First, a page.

The afternoon we left the kibbutz (October 8) we made our way to Jerusalem. We stopped at the Mount of Olives to see the view. Below we could see the huge Jewish cemetery and we could look over to the Dome of the Rock. Mt. Moriah, the tip of which is inside the dome, is supposed to be the place where Abraham was about to sacrifice Isaac before the angel intervened. It is not open to Christians at the moment. Our vantage point is perched on the Mount of Olives.
We are staying at a lovely and very cushy hotel called the Isrotel Orient. It has only been open a year and a half, and it is within walking distance of the Jaffa Gate to the Old City. Inside the Citadel there are light shows; some members of our group saw the one on King David; Roger and I saw the one that portrays the history of Jerusalem.
The morning of our first day we went to the area called the City of David; recent archaeological discoveries point to the possibility of the location of the palace of David. We saw a brief film about the site's discoveries and theories. I also ran into a couple of Japanese women so I could practice. The other impressive stop along the way was the Zion Gate where the Israelis and Jordanians had a shoot out. Near the Zion Gate is the spot of the Last Supper. The Upper Room was at one point a mosque, so there are traces of Islam there.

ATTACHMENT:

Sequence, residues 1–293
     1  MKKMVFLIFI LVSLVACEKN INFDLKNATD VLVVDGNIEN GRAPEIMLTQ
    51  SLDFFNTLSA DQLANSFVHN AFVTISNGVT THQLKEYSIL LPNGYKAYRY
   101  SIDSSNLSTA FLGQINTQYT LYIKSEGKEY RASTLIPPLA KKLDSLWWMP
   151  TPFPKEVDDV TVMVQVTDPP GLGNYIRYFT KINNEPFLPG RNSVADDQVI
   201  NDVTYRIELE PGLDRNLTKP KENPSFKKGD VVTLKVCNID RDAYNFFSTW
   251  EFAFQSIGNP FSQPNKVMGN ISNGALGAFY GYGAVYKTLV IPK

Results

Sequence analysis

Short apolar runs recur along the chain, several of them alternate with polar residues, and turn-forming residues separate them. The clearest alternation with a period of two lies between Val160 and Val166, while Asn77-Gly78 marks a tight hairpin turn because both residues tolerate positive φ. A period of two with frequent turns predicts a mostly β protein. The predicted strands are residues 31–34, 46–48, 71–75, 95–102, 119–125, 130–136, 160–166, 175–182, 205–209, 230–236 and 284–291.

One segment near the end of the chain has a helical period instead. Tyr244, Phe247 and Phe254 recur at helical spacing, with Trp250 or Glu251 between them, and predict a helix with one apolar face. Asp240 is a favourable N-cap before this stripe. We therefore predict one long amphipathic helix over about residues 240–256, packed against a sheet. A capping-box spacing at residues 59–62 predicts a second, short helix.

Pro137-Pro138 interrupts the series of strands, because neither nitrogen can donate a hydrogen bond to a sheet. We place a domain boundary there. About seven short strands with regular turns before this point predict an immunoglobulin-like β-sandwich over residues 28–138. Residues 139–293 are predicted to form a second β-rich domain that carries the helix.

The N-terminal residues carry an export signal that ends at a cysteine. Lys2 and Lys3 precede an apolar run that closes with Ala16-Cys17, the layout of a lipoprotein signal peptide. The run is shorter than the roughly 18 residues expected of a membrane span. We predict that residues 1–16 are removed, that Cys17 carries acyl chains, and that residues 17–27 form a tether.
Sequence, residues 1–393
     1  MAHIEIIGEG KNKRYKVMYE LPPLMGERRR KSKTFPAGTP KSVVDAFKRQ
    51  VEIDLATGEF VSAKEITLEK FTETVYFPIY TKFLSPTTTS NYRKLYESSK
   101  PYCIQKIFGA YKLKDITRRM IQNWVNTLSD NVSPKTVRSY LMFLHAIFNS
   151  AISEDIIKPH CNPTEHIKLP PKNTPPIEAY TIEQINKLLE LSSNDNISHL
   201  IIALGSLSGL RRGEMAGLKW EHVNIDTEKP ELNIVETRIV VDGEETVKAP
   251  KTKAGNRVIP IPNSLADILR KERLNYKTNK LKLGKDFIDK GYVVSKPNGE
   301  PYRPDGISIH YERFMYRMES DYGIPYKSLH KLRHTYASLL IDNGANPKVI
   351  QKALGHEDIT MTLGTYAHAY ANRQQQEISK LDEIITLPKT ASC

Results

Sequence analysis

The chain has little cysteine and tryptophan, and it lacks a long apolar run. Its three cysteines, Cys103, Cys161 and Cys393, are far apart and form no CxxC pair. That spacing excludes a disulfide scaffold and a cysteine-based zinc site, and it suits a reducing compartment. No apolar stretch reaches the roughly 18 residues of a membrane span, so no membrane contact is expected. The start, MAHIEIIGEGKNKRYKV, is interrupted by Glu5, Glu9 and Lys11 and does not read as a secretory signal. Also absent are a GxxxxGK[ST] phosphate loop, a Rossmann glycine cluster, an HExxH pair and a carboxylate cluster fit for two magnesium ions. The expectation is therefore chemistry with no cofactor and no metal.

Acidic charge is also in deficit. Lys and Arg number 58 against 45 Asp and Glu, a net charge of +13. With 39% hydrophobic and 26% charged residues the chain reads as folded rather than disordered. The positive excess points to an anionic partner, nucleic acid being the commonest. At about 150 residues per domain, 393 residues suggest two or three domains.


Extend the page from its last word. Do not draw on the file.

Jerusalem is divided into areas or quarters; there is also a section called the City of David where archaeologists are theorizing the location of David's palace is. There is still an ongoing dig. There are a lot of places that have become important shrines or sites of memory for assorted religious groups; I am not so big on touching this or that, but rather it is interesting to get the feel of the place. For example, in the Church of the Holy Sepulchre there were huge lines to touch the top of Golgotha or Calvary; we watched from afar and that served our purposes. We did hike up most of the Via Dolorosa which is supposed to be the Stations of the Cross. Fascinating to see this layered city, the archaeology, the churches, and to match all of the visuals with the stories.